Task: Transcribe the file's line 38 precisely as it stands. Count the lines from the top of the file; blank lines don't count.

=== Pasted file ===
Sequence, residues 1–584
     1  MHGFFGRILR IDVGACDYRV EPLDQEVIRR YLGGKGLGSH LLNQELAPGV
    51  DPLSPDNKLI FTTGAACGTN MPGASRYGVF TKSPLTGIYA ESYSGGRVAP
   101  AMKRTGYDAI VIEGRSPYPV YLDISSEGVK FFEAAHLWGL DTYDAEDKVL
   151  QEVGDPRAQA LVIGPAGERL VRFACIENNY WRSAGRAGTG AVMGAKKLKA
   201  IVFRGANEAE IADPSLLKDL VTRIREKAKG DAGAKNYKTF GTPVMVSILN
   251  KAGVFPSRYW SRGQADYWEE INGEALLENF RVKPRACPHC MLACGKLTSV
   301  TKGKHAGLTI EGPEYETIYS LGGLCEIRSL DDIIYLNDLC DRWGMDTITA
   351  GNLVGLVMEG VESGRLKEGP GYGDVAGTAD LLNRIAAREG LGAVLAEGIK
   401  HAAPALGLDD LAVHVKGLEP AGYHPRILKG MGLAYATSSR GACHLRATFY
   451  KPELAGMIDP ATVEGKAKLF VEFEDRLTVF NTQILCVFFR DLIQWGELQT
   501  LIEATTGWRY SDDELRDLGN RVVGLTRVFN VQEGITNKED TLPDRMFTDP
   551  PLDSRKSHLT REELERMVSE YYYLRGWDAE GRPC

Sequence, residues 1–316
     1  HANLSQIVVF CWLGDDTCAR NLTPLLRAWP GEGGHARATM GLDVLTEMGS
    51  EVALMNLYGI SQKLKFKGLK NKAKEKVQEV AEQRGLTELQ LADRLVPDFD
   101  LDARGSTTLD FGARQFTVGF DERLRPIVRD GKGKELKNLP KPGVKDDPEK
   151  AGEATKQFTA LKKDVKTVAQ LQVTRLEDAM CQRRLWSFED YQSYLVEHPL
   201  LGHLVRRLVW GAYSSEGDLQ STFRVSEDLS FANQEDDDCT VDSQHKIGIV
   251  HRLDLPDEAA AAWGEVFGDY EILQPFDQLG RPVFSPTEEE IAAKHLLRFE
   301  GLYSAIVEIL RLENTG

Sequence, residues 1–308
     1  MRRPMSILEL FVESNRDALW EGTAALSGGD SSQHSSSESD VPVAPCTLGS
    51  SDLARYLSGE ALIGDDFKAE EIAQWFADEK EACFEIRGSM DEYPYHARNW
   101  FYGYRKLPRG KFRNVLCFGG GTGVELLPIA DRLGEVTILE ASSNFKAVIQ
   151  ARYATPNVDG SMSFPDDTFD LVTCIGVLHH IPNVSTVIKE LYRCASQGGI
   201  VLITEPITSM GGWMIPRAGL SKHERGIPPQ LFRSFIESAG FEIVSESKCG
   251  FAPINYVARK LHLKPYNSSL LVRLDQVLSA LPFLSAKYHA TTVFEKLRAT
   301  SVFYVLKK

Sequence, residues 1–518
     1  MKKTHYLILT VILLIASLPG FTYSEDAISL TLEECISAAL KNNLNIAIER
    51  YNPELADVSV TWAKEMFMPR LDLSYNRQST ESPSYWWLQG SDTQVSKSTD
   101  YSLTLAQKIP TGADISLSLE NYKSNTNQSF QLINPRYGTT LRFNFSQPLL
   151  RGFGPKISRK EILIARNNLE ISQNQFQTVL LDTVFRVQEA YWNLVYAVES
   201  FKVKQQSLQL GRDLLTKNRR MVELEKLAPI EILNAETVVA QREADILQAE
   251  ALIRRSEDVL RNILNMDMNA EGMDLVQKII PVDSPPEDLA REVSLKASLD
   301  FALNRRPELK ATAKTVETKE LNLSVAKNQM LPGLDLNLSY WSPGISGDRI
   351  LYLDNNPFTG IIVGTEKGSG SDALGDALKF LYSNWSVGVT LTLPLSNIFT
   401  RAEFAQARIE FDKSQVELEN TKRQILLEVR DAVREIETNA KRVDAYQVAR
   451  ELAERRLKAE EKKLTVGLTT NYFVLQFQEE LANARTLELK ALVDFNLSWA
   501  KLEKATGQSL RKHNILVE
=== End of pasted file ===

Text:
   351  LYLDNNPFTG IIVGTEKGSG SDALGDALKF LYSNWSVGVT LTLPLSNIFT